Third Time’s the Charm
I got vaccinated in the early spring. I didn’t write about it because up until that time, reading about anyone getting vaccinated was very “triggering” for me. I didn’t want anyone not eligible or unable to find a vaccination to read about me and experience that sense of anger, frustration and helplessness that I was feeling (am still feeling). As someone who doesn’t like to be a victim, this whole pandemic has been maddening. Being at the mercy of others doesn’t sit well with me.
Washington had opened up the phases in which folks over 65, some essential workers, then over 55 with 3 preexisting conditions (which I wrote about in my January post) could schedule vaccinations, but people on immunosuppressants due to medical conditions or disease treatment sat like sitting ducks. I waited my turn as I read reports of people not in phase getting shots. I am lucky enough to be able to work from home, so I knew I had it better than many. Post after post on Instagram showed happy faces with vaccine cards; people that were definitely not 55 with preexisting conditions. I heard from people who lied on their eligibility paperwork. I went into the pharmacy to pick up the one prescription I hadn’t turned in to mail order and stood in line behind people waiting for their vaccine. It was so close.. Yet so far away.
I became a “vaccine chaser” in my town, calling and asking every clinic and pharmacy to get on extras lists. Finally I found a small clinic that I’d never even heard of and got on their list. A staff person called me the next day and set up a time for my husband and me to come in, as someone had canceled that day. I got off the phone and cried with relief.
Even wearing a mask at his day camp, my four year old son got sick two weeks ago. My heart was in my stomach when I took him through the backdoor of his pediatrician’s office to get tested for COVID-19. I had an eye appointment that Friday and I had to know if I could go or not. We found out in less than 24 hours that the test was negative. I know it will happen again. He slept in my bed with a bad cold for three nights (if you’re a mom., you know) and all I got was a nasty sore throat. I was pretty darn proud of my immune system. But, I work hard at it (vitamins, water, sleep, exercise). I do all the right things; I have no choice if I want to keep my vision.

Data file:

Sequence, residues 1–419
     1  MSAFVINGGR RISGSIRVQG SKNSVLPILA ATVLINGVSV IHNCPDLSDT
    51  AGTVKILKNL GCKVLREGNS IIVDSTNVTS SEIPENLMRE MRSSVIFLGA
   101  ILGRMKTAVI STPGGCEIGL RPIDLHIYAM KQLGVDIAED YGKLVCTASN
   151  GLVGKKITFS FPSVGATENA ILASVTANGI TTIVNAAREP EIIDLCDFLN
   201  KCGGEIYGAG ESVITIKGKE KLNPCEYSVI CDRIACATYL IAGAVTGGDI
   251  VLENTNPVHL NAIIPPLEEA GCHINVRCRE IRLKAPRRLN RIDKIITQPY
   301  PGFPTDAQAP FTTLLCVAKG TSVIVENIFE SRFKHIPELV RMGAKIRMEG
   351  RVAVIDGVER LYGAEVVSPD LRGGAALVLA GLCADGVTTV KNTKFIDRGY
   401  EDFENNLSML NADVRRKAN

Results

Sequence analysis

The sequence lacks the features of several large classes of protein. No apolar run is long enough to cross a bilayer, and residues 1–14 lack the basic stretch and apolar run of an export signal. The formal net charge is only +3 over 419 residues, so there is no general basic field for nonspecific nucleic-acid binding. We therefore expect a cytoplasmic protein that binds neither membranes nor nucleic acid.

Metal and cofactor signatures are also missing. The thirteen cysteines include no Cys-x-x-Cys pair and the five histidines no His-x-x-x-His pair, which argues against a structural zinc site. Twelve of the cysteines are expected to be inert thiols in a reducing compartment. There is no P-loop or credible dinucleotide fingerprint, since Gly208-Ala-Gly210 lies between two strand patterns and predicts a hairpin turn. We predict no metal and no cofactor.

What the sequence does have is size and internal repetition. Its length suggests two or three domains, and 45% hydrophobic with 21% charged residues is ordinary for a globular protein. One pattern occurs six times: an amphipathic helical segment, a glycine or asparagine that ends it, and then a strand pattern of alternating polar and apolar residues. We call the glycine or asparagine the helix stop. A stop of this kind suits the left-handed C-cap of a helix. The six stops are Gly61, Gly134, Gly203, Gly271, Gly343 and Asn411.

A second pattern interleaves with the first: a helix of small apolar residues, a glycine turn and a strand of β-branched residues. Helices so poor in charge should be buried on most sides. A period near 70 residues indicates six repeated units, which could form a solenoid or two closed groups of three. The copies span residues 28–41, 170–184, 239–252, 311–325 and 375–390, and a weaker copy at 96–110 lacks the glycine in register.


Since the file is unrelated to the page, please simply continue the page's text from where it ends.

Studies have shown that those on immunosuppressants aren’t necessarily making the antibodies when they receive the vaccine. The CDC says that a large number of hospitalized “break through” cases are actually immunocompromised people who didn’t make antibodies or enough antibodies.
So, I got a third shot last week; my third Moderna vaccination. The guy at the counter asked me if I qualified in a tone that didn’t surprise me. Looks can be deceiving and uveitis certainly is never listed as a disease for which patient would be taking immunosuppressants. Have you had a liver transplant? Do you have cancer? No, but I take or have taken many of the same medications; dosage has depended on severity at the time.
The pharmacist who administered the vaccine, however, was great. We had a conversation about uveitis, the medication I’m taking (prednisone, CellCept, Humira) and that I’d discussed the booster with my doctor.
It’s not even necessarily about me getting sick now though; with three vaccines in me, I’m fairly certain I wouldn’t get critically ill from COVID and have a much better chance of being able to stay on my medication. What worries me is being contagious and not being able to attend my appointment every 6 weeks at which my doctor gives me an Avastin injection to keep my CNV at bay.
If you’re like me, you don’t have the luxury of debating what it is that is being injected into your body at all times. And unless you grow your own food and drink, make your own cosmetics, toiletries, and cleaners, take no medication and would refuse an IV if you are hospitalized, you actually don’t know what your body is taking on either. So far, I have had zero side effects from receiving the Moderna vaccine three times over. But, if I end up growing a third eye, you know I’ll have use for it.
Sources and Suggested Reading:
6 Things To Know If You’re Immunocompromised And Considering A 3rd Shot
CDC Website: COVID-19 Vaccines for Moderately to Severely Immunocompromised People
Three Doses of an mRNA Covid-19 Vaccine in Solid-Organ Transplant Recipients
Antibodies aren’t everything: Scientists say COVID-19 booster shots aren’t needed yet—here’s why
More COVID-19 related articles are linked on my homepage